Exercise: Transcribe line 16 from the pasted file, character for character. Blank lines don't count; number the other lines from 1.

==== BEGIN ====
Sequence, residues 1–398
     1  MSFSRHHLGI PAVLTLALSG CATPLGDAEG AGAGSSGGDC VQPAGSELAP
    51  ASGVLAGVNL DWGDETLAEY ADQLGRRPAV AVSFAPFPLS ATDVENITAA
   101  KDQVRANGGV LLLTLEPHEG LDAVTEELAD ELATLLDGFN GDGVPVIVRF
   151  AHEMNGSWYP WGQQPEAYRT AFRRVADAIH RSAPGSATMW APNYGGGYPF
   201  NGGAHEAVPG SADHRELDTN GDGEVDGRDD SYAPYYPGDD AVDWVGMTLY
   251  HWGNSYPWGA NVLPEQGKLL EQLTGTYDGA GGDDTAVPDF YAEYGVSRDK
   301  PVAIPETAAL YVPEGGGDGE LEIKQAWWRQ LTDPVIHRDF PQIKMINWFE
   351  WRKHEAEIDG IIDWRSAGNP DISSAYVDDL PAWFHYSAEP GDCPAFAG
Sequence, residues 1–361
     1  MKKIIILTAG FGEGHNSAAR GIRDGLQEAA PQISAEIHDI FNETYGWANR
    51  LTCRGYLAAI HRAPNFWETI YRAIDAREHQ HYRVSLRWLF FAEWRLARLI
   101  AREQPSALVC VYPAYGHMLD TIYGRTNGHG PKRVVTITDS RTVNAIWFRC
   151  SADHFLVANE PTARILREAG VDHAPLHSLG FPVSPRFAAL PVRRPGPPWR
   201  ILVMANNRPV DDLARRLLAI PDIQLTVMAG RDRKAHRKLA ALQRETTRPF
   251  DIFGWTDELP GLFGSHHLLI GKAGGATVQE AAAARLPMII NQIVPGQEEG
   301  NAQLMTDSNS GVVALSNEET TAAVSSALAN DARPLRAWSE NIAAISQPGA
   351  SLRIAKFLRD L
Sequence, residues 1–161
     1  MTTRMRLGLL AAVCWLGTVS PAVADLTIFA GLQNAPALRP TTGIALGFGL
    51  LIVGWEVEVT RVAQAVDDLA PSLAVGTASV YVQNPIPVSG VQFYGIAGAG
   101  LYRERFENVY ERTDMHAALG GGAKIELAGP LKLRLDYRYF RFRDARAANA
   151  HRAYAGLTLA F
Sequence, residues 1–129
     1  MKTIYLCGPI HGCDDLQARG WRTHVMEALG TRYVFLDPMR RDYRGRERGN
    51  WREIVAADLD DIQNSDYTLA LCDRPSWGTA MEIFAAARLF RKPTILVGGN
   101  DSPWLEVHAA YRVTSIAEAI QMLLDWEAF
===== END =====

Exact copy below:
   251  DIFGWTDELP GLFGSHHLLI GKAGGATVQE AAAARLPMII NQIVPGQEEG